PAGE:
Yet 2015 is different because it is the year when LHC restarts at 13 TeV energy. We should expect high-energy collisions some time in summer, and around 10 inverse femtobarns of data by the end of the year. This is the last significant energy jump most of us may experience before retirement, therefore this year is going to be absolutely crucial for the future of particle physics. If, by next Christmas, we don't hear any whispers of anomalies in LHC data, we will have to brace for tough times ahead. With no energy increase in sight, slow experimental progress, and no theoretical hints for a better theory, particle physics as we know it will be in deep merde.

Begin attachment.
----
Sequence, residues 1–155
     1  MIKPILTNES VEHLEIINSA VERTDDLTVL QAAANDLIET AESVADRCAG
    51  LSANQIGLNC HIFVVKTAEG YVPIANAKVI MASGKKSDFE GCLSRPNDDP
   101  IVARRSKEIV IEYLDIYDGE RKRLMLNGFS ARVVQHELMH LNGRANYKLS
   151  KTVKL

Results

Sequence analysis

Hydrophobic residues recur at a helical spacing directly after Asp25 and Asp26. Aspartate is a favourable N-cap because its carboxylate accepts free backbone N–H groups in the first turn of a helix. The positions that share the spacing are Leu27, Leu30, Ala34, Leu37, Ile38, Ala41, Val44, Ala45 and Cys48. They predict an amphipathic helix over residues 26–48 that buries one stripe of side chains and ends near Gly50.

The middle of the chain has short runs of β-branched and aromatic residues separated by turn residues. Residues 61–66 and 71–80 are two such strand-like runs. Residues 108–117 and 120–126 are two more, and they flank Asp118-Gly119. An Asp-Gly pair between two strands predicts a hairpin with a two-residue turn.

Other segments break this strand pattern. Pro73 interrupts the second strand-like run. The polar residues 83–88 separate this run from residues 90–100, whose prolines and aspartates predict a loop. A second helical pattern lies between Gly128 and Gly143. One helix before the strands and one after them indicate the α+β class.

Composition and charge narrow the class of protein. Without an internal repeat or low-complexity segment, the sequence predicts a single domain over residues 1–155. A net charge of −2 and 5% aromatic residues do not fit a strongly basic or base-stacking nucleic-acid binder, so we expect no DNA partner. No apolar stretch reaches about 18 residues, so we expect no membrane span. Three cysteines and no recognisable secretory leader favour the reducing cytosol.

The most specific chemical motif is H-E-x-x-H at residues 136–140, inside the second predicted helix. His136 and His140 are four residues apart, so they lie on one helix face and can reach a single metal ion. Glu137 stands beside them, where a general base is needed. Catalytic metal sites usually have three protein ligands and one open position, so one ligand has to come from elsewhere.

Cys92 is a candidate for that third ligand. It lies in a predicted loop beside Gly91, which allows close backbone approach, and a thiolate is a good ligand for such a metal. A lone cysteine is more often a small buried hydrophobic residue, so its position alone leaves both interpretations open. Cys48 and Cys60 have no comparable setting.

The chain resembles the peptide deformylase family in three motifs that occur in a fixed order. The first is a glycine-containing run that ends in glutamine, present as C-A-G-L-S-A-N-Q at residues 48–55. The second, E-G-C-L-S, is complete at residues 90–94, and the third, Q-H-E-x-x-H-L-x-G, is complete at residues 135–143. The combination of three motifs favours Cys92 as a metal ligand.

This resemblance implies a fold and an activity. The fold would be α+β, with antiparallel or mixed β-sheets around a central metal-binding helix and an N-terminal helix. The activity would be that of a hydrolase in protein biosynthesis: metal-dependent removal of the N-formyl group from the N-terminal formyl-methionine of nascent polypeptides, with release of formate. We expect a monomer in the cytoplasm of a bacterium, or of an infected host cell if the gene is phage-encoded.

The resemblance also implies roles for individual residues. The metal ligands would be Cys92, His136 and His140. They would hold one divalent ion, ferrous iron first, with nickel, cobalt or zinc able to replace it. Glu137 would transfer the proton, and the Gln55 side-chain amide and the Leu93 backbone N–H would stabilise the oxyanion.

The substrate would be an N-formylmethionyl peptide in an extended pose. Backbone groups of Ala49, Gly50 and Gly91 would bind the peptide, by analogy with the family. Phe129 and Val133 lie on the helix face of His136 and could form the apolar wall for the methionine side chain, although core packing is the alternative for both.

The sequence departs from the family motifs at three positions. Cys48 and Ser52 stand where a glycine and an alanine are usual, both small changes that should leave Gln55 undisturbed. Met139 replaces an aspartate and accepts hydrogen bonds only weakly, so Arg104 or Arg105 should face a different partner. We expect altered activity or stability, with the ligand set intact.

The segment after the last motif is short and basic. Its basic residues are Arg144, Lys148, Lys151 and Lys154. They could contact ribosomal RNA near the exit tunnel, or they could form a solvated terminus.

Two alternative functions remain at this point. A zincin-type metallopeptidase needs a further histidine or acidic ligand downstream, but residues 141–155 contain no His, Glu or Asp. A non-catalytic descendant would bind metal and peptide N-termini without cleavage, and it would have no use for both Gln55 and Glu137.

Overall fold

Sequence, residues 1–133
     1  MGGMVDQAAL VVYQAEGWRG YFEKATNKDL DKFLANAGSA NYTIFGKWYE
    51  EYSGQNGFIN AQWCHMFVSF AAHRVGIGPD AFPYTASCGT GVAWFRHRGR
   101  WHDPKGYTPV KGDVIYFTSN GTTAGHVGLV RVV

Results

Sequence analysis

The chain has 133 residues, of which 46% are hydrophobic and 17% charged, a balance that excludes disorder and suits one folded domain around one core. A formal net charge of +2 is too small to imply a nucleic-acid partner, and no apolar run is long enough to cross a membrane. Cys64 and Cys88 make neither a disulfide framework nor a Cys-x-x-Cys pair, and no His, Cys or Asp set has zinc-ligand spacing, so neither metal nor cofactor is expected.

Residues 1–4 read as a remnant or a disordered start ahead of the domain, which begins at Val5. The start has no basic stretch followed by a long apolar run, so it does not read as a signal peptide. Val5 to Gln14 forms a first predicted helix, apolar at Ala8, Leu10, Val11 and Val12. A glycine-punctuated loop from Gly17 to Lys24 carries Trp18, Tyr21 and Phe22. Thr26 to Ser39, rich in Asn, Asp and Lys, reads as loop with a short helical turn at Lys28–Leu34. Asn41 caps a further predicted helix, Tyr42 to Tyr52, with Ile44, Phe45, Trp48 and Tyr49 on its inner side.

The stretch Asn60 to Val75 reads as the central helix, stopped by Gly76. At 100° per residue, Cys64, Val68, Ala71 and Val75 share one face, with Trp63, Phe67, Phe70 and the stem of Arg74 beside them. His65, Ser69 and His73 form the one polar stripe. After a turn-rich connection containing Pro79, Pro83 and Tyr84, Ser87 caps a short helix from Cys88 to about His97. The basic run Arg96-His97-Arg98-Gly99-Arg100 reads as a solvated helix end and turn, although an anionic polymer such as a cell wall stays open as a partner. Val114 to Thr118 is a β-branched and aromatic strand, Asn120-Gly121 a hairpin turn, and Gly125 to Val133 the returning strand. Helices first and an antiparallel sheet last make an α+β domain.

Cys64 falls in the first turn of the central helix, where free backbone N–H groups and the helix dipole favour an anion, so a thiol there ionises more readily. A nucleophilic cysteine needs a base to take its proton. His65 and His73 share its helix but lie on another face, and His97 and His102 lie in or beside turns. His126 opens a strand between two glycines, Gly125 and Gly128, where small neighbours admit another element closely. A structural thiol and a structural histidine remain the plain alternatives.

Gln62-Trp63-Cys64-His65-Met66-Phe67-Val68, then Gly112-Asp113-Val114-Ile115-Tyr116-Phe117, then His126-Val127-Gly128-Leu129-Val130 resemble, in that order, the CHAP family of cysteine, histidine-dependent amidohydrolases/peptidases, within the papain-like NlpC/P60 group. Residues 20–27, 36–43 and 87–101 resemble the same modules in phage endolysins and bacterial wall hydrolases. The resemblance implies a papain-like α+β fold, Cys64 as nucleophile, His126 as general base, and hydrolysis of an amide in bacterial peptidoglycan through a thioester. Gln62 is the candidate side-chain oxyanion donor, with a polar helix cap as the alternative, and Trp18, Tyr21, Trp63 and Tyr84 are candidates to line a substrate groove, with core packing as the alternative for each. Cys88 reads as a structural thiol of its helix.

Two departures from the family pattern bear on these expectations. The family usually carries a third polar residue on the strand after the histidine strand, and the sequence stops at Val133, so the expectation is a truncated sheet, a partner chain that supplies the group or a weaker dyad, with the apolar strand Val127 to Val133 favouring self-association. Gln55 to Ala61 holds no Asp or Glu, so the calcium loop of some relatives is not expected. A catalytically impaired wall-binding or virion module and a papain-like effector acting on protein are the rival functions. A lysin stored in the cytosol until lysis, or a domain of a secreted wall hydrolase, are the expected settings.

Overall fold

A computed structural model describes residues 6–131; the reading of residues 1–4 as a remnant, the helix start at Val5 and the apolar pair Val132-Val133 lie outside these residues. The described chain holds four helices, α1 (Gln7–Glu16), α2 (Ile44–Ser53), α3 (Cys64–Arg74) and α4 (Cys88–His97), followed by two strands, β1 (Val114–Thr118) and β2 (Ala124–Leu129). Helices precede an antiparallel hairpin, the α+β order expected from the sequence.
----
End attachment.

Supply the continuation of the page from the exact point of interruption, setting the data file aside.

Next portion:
But for now, anything may yet happen. Cross your fingers.